71. Change the 2007-2009 master fee schedule amounts for redeemed animals to apply to unspayed and unneutered animals only.

Will review.

The law specifically dictates that impounded animals who are unspayed/unneutered have an additional fee tacked on. They are currently not doing so- charging the same impound fees for all animals.

16. Two people should participate in euthanasia per the National Animal Control Association’s policy statement. Logs should have place to add impound number from animal. Remove euthanized animal after verifying death.

Our euthanasia procedure is within the guideline of state law and statutes.

19. Establish that spay and neuter is a priority.

While it is certainly agreed that spay and neuter is a priority, animal control also wishes to educate the public that this is as much a person problem as it is an animal problem.

29. Work with Chameleon to ensure each animal's correct available date is recorded in the system. Consider displaying each animal's euthanasia date on the kennel card.

It is our goal to use chameleon to its fullest capacity. Although an animal's holding period may have expired that does not mean that is its euthanasia date. Listing a "date of death" seems macabre; we list an available date on kennel cards.

This is absolutely not true- AMRT pointed out that available dates of all owner surrenders were incorrect . . . and they still are! Available dates for litters are incorrect and almost all of the animals are killed the morning that they are legally able to do so.

39. Prior to euthanasia, release animals to rescue groups. Designate an employee to work with rescue groups. Establish cooperative agreements with rescue groups.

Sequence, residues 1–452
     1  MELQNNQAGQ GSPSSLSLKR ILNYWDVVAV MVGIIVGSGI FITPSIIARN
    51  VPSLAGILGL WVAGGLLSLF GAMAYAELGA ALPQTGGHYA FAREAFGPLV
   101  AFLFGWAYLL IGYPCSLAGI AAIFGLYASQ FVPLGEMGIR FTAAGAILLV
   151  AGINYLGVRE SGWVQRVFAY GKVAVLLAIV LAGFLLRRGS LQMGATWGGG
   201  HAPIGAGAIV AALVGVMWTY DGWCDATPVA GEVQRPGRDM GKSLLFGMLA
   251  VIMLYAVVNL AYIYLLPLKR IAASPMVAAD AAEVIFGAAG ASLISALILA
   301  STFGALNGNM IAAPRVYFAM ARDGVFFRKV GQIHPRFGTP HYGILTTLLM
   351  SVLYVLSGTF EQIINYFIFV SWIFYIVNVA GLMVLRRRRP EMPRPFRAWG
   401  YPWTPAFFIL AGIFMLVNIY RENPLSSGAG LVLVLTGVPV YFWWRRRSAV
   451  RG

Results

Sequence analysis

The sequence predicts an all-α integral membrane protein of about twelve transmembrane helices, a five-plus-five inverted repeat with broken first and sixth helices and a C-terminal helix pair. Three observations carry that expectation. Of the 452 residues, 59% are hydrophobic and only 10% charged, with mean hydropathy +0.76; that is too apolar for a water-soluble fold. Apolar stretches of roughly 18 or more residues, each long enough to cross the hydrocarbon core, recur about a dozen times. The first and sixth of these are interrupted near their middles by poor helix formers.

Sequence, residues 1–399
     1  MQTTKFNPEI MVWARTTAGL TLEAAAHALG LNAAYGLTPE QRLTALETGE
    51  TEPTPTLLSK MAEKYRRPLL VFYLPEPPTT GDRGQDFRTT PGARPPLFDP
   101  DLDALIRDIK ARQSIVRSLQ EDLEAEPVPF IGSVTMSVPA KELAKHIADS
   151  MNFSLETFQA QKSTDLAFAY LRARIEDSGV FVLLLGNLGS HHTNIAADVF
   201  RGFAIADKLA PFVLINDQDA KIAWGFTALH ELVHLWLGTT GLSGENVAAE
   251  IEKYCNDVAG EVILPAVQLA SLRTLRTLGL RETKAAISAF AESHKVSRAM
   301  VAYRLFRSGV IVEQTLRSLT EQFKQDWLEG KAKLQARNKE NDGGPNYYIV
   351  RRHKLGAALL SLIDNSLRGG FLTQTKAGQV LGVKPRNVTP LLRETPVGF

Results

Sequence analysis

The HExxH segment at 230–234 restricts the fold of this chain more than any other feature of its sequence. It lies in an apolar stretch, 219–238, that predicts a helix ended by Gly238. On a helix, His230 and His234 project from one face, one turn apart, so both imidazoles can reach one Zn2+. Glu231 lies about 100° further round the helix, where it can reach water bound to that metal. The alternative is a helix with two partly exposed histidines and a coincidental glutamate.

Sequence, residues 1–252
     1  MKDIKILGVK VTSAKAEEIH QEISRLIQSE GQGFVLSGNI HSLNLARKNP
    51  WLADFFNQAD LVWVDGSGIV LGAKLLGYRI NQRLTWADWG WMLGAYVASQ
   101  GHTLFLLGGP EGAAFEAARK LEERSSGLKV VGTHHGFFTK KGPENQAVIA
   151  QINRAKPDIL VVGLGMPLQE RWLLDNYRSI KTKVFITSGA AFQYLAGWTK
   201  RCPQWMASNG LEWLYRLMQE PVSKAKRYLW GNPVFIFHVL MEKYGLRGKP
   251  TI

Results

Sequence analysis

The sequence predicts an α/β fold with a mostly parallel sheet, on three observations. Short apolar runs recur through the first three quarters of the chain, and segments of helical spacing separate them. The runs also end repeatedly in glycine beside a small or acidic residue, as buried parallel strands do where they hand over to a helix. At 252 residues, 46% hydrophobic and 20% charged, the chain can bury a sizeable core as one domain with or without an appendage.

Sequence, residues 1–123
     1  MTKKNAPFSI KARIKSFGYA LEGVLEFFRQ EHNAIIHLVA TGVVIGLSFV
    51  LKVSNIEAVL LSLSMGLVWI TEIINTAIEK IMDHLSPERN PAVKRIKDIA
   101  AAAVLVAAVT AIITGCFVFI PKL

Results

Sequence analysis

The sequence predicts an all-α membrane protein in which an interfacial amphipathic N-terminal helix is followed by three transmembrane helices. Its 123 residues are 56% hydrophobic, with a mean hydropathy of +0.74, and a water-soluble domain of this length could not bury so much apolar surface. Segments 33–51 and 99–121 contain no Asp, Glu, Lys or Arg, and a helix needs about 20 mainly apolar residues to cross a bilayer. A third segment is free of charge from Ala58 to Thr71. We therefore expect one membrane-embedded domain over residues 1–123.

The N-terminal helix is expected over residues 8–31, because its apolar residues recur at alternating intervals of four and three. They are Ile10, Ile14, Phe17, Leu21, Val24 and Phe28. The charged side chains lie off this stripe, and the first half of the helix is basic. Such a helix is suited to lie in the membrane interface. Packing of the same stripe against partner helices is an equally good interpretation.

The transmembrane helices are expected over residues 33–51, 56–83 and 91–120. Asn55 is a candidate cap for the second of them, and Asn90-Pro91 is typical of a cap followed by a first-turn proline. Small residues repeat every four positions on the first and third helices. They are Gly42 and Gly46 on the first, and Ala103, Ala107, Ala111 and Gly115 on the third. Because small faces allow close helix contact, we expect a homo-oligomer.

It has always been our position that rescue can take every animal in the shelter, if they are available.

This is absolutely untrue- we have had more trouble than we've ever had when we've tried to rescue recently. We have since stopped rescuing from them because they make it so difficult with their snotty attitudes and arbitrary rules.

55. Establish outreach programs to provide humane education. Represent the shelter at local events. Reach out to the community with monthly column, advertisements, etc. Consider a newsletter. Hold occasional fundraisers at the shelter.

It is our intention to provide education to the public on humane issues. Also we want to publicize Animal Services as a place to look for and adopt a pet. We would not want to hold a fund raiser at Animal Services for liability reasons and because fund raising for local government seems odd.

58. Begin a trap, neuter, release program in communities with a large number of feral cats. Let the public know the shelter will work with feral cat givers.

We currently treat feral cats within the guidelines and parameters of state law and regulations. The County will not adopt a feral cat "trap and release" program.

64. Vaccinate all animals on intake.

Dogs are vaccinated upon intake, cats are not. Records indicate that cats are received by animal control in large numbers but are not adopted the same way. Vaccination of cats is not an issue to maintain current Animal Services feline population healthy. We do vaccinate prior to adoption.

73. Establish a "healthy" area for animals that we know will leave shelter soon after arrival. Just a few cages are needed.

We consider the entire shelter area, excluding the sick ward, to be healthy.

3. Develop an updated and accurate mission statement. Use this statement to define goals and priorities. Display in public area.

Currently Animal Control falls under the Mission and Value statement of the Sheriff's Office. As a division of the Sheriff's Office any Animal Control specific Mission/Value statement adopted should contain some relevant parts of the Sheriff's Office Mission statement relevant to "customer service." Also verbiage regarding the ethical and humane treatment of animals.

4. Adopt a logo rather than a Sheriff's star. Something like a cute animal head.

Currently all Animal Control vehicles have a small Sheriff's Office star and the words Animal Control on them. The Sheriff's star on the side with the words "Kings County Animal Services" would accurately reflect the department. Perhaps a motto "protecting the rights of animals" with some type of animal logo on the rear quarter panel.

Kara Johnson
California Underdog Rescue & Education (CURE)